Some women develop postpartum Hashimoto’s thyroiditis. This could be due to an increase in T cells during pregnancy. This increase causes diminished function for both B cells and T cells. As the body tries to rebalance after a pregnancy, immunosuppression is thought to contribute to the development of Hashimoto’s disease.

    Iodine intake

    A mild iodine deficiency is linked with a lower risk of Hashimoto’s thyroiditis. Conversely, there is a link between an excess of iodine and a higher prevalence of the condition. This theory is further supported by the fact that medications containing high concentrations of iodine often cause autoimmune thyroiditis.

    Radiation exposure

    Some research suggests that radiation exposure can increase the risk of developing autoimmune thyroiditis. For example, after the nuclear disaster in Chernobyl, there were unprecedented rates of children developing thyroid autoantibodies. However, long-term follow-up with atomic bomb survivors has shown no increases in autoimmune thyroiditis.

    Hashimoto’s disease vs hypothyroidism

    Your doctors may want to check for Hashimoto’s disease if you have a goiter, low thyroid hormone levels, fertility issues, and/or repeated miscarriages. Your doctor may perform blood tests to look for thyroid antibodies. 

    With time, Hashimoto’s disease can damage the thyroid gland so much that hypothyroidism occurs. Hypothyroidism is when the body doesn’t produce enough of the thyroid hormone to meet the body’s needs. Symptoms of hypothyroidism can include feeling cold, loss of appetite, weight gain, dry skin, hair loss, fatigue, depression, heavy periods, and high cholesterol. Hashimoto’s disease can lead to Hashimoto’s hypothyroidism.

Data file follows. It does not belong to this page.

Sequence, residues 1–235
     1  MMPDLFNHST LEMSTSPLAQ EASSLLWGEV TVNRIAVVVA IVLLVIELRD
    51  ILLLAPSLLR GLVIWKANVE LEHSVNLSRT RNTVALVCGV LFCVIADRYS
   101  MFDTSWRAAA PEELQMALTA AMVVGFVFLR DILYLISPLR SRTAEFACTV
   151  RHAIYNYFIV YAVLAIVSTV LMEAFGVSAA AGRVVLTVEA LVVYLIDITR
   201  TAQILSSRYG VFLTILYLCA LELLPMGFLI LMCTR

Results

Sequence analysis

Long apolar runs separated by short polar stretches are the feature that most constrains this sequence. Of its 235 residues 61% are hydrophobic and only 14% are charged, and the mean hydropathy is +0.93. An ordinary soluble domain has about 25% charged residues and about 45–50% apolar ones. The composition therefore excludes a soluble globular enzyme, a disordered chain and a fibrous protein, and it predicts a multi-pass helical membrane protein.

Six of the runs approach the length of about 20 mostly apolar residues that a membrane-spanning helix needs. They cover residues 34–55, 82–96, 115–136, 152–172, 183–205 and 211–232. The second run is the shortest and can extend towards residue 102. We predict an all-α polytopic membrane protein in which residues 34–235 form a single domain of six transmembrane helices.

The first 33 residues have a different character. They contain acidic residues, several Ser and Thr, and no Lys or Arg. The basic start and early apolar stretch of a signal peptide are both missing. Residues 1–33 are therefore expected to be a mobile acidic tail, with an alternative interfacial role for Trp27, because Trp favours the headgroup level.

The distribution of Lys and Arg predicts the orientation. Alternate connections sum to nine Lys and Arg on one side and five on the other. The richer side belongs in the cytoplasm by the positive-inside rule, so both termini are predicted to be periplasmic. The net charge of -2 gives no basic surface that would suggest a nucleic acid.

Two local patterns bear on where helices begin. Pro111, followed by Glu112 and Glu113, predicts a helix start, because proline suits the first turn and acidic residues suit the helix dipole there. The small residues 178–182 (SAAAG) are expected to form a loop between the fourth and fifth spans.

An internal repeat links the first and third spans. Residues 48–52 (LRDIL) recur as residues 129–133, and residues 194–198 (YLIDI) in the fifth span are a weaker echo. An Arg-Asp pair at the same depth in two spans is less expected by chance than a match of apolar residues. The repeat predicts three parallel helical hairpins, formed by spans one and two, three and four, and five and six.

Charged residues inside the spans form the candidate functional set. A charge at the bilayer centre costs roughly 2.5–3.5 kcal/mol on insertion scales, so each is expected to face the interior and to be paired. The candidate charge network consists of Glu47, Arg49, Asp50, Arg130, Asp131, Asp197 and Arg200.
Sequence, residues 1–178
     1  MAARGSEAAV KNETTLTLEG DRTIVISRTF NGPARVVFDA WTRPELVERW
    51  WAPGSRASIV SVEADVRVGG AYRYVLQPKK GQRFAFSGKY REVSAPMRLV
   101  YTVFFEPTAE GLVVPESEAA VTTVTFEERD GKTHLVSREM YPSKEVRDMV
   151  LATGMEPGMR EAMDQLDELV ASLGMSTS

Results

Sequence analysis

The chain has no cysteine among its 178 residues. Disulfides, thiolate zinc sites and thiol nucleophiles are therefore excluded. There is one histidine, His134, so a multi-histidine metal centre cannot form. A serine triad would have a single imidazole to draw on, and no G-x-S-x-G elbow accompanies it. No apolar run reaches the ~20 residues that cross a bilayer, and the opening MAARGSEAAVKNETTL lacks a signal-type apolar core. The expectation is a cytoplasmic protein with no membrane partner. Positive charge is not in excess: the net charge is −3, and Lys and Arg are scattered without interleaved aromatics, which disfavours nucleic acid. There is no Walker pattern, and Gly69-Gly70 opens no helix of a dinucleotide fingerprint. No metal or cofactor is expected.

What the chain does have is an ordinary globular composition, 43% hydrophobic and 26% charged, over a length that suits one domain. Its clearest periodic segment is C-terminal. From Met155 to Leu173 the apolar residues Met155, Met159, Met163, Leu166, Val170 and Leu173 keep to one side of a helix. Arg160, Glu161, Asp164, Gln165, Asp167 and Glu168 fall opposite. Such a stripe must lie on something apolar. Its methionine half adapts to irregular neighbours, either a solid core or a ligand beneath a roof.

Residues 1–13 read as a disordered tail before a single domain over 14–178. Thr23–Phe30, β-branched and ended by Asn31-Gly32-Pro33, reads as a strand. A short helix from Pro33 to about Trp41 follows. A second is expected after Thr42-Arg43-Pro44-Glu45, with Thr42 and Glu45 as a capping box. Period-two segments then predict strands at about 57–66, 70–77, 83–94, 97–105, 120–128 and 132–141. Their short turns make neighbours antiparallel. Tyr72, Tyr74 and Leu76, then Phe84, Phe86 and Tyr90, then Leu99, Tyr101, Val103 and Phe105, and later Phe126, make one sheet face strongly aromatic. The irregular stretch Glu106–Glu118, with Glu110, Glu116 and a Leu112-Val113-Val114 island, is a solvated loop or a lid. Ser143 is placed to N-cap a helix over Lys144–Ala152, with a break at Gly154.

Sometimes, Hashimoto’s disease will cause goiters. If the goiter grows unusually large, it can make it difficult to swallow. If this happens, surgery may be required to remove some or all of the goiter. 

    Treating Hashimoto’s thyroiditis

    Once Hashimoto’s disease is confirmed, a doctor will monitor the patient to ensure the condition doesn’t advance. If hypothyroidism develops, the patient is prescribed a thyroid medication that acts as a synthetic thyroid hormone. Pregnant women showing signs of hypothyroidism will immediately require medication.

    New research into treatment options

    In 2019, Norway’s Telemark Hospital began a study of thyroidectomies (surgical removal of the thyroid) on patients with Hashimoto’s disease. The study included 147 enrollees, with 73 individuals having the surgery. The results after surgery were promising. Individuals reported an improvement in their quality of life and a decrease in fatigue. 

    This study could be a hopeful indication of a solution. However, the study only looked at a small number of patients, and more research is necessary. 

    Additionally, surgery may not be a perfect solution. Thyroidectomies are a complicated surgery with risks of damage to the parathyroid glands and laryngeal nerve. Without a thyroid, patients who have had the surgery will have to rely on thyroid medication for the rest of their lives. 

    Hashimoto’s disease and iodine

    The thyroid gland needs iodine to make thyroid hormones. However, people with Hashimoto’s disease may be sensitive to large amounts of iodine. Eating too many iodine-rich foods or taking iodine supplements can trigger hypothyroidism in some people. Talk to your doctor about any iodine supplements you take. 

    Pregnant women need more iodine in their diet to nourish their baby. However, taking too much iodine can have negative consequences, such as a goiter in the baby. Talk to your doctor about how much iodine you should take during pregnancy. 

    When to see a doctor

    It is advised to see your doctor if you’re noticing these signs:

    • Frequent tiredness 
    • Pale and puffy face
    • Dry skin
    • Constipation 

    You will need frequent follow-up testing of your thyroid function if you’ve previously had thyroid surgery; take medications with radioactive iodine; or have had radiation therapy to your neck, head, or upper chest. 

    Wrapping up

    Hashimoto’s thyroiditis can be a complicated condition. It often sneaks up on people, taking many years to show signs. If not monitored, Hashimoto’s thyroiditis may result in hypothyroidism or other complications. Keep your doctor informed and watch for symptoms so you can catch the condition early.

    History of updates

    Current version (12 March 2020)

    Reviewed by Tanya Tantry, MD, Obstetrician & Gynecologist, Medical Consultant at Flo

    Published (12 March 2020)